American River Canyon, Part 6 – Kyburz to Lover’s Leap

Strawberry Valley Station c: 1866

Strawberry Valley Station c: 1866

There is not much known about the next few stations along the Placerville Road east of Kyburz: (another) Riverside House, Old Mother Welty’s (Leon’s Station), Poster’s Halt and the Chamberlain House, which is later became known as Fred’s Place.

True’s Place, another obscure station is east of Fred’s Place, followed then by Georgetown Junction House, where there was also a toll house.

At this location, near today’s Wright’s Lake Road, is where Johnson’s Cut-off and the road to Georgetown made their connection with the main route. Speculating landowners in the Georgetown area attempted to encourage emigrants entering California to leave the main road at this point and proceed north to the Georgetown Road. From there they were directed along the Georgetown Road through Union (Onion) Valley and then to Georgetown by what is now generally Wentworth Springs Road.

Between Georgetown Junction House and the next major stop, Strawberry Valley House, were three more lesser known stations: San Francisco House, What Cheer House and Log Cabin No. 2 (Was there a No 1?). Interestingly, there was also a What Cheer House along Green Valley Road near what is now Cameron Park.

Strawberry Valley House was very important stop along the Placerville-Carson Road. A traveler in the spring of 1861 gave us the following description: “in a long, narrow plain hemmed in by bare mountains of granite…is a commodious hotel, where I dined”.

The hotel was built near Lover’s Leap in 1856 by Swift and Watson. In 1859 the owners were Irad Fuller Berry and George W. Swan, who not only ran the hotel but worked tirelessly on improving their portion of the toll road.

It became a remount station for the Pony Express on April 4, 1860, when division superintendent Bolivar Roberts waited with a string of mules to help Pony rider Warren Upson through the snowstorm on the summit.

There is a plaque on the north side of the highway designating Strawberry Valley House as a California State Historic Landmark (#707).

How the valley got its name has been a constant argument since the 1850s. Some say owner Berry stuffed the guest’s pillows and mattresses with straw rather than goose down, which resulted in them calling out derisively: “Do you have any more straw, Berry?”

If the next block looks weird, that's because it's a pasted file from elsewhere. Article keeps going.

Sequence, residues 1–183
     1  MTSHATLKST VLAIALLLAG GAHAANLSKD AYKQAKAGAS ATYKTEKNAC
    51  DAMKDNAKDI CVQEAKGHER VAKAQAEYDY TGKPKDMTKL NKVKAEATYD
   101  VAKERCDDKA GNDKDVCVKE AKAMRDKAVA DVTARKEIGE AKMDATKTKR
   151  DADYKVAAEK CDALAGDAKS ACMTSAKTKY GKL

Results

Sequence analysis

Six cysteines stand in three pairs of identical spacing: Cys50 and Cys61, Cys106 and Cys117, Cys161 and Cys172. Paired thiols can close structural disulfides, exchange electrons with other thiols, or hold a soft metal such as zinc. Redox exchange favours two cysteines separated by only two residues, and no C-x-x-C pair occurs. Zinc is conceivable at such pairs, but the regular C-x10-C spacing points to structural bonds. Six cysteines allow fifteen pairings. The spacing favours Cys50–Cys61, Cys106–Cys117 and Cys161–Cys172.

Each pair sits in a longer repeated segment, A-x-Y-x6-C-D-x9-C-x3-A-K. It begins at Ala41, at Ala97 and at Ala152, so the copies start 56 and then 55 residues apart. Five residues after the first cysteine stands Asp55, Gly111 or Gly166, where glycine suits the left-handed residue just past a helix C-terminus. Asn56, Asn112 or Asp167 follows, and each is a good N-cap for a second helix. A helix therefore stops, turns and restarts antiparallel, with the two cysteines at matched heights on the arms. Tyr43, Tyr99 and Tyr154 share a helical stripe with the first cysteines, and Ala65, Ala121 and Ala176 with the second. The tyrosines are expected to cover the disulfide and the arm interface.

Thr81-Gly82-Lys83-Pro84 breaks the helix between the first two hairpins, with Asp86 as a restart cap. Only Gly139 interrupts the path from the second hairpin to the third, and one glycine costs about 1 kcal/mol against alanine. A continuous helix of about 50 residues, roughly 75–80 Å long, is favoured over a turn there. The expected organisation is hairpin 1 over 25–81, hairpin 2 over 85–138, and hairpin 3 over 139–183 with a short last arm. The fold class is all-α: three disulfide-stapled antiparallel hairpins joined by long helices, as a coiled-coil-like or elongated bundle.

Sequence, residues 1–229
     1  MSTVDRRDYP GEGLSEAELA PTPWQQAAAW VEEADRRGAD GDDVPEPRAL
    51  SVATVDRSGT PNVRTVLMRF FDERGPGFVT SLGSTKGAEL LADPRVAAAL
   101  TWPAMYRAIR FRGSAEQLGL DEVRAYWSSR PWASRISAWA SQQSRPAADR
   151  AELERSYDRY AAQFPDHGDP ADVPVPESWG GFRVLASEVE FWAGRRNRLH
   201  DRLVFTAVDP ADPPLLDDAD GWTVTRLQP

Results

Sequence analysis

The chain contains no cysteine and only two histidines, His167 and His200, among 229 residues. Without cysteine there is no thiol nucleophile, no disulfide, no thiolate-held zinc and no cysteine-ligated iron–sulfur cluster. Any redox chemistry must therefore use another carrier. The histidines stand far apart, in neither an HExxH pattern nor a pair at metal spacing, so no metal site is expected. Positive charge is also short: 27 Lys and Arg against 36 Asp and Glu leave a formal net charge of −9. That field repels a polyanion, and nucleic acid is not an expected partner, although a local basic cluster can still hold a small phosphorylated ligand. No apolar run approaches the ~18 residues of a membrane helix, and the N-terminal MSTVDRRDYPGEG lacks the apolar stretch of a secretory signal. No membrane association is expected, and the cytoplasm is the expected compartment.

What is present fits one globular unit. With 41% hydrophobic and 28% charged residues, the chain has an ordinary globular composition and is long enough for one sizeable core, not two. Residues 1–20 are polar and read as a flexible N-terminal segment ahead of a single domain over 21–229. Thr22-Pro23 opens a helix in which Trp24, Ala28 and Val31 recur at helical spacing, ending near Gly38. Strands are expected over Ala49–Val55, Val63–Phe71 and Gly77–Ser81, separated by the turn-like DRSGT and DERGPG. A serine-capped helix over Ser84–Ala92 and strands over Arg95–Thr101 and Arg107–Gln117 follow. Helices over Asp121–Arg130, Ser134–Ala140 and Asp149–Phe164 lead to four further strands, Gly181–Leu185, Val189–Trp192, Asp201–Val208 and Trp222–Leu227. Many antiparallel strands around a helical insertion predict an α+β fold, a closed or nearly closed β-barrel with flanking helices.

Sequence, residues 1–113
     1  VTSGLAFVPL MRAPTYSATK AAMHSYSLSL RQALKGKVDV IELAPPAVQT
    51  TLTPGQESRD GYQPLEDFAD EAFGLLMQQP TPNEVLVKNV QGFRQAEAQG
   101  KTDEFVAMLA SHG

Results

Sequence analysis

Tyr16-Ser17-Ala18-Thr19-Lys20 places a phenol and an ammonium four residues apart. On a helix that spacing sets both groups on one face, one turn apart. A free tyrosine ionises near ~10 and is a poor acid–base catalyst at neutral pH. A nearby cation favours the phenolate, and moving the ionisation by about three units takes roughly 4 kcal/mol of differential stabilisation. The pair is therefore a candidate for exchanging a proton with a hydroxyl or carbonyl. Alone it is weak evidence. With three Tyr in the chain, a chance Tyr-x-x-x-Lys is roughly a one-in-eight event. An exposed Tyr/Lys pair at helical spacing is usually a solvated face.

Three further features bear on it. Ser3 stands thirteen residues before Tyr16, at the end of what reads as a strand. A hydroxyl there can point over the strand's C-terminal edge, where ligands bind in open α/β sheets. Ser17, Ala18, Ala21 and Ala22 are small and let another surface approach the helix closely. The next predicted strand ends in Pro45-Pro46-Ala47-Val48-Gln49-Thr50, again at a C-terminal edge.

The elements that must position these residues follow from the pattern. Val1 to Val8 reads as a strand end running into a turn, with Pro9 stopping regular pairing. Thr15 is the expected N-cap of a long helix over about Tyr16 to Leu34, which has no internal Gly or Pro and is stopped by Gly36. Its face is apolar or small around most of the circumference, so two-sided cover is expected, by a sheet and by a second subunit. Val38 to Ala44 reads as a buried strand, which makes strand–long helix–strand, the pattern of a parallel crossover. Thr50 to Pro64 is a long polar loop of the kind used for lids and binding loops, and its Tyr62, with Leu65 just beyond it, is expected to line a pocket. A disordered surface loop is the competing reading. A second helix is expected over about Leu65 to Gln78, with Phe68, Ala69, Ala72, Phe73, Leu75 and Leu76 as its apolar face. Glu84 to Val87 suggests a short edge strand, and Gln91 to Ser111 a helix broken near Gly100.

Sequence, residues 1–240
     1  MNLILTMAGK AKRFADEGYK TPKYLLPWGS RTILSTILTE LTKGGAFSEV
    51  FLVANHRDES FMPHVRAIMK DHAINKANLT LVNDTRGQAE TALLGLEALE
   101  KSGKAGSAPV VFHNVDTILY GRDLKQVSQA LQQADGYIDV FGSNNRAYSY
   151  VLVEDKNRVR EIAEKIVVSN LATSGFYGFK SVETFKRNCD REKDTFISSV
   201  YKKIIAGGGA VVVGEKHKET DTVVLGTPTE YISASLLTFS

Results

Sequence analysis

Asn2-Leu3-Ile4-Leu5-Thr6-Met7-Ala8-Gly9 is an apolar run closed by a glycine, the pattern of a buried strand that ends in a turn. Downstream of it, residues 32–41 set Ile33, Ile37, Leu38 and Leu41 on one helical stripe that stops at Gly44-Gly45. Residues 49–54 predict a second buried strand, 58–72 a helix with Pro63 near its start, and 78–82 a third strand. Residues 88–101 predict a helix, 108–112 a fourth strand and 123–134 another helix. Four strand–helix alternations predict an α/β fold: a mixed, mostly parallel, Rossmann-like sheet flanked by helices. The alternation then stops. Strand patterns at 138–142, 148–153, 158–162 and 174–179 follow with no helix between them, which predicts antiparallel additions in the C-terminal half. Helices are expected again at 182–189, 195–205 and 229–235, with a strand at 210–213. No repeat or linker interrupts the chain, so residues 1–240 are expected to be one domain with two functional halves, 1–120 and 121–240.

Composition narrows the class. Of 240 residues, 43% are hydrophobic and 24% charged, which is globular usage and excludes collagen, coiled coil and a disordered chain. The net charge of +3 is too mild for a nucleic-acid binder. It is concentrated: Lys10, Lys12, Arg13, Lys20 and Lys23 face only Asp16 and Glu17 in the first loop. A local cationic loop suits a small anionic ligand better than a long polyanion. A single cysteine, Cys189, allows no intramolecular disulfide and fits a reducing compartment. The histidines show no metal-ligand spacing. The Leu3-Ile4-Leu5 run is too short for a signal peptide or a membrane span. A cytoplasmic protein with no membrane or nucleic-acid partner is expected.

Some also say Berry mixed straw in with the very expensive feed for the teamster’s mules and “Straw” Berry was what he was called (because of the high cost of feed along the route, many teamsters hauled a second, smaller wagon full of feed for their animals).

The most reliable story about the naming of Strawberry Valley points out that the valley was full of wild strawberry plants and that in 1853, five years before Mr. Berry owned the place, William Bartlett’s “Guide to California” refers to the location as Strawberry Valley.

The Strawberry Valley House would be replaced by Berry’s Strawberry Station and the Strawberry Lodge, which was later rebuilt at its present site further west, when the highway was relocated.

At the base of Lover’s Leap, a rock that rises a sheer 1,285 feet above the American River at the eastern end of Strawberry Valley, was located the Lover’s Leap Post Office with Annie M. Scherrer serving as the first postmaster. It was first opened on October 30, 1919 and remained to until July 31, 1929 when it was moved to Camp Sacramento. There is a romantic legend that the place was named for an Indian girl who plunged from the top of the rock because her love was unrequited.

Sources for this story include: “History of California”, by Theodore Hittell (1897); “California Gold Camps”, by Erwin Gudde (1975); “California Place Names”, by Erwin Gudde, 3rd Edition (1974); “The Wrights Lake Story” by the Historical Committee of the Wrights Lake Summer Home Association (revised 1994); “The Saga of Lake Tahoe”, Volumes I and II, by E. B. Scott (1973); “History of California Post Offices, 1849-1976”, researched by H. E. Salley (1976); “Mother Lode of Learning – One Room Schools of El Dorado County” by the Retired Teachers Association of El Dorado County (1990); “I Remember…, Stories and pictures of El Dorado County pioneer families”, researched and written by Betty Yohalem (1977); “History of El Dorado County”, by Paolo Sioli (1883), reprinted and indexed by the El Dorado Friends of the Library (1998); the archives of the Mountain Democrat (1854-Present); and the wonderful people at the reference desk of the El Dorado County Main Library.

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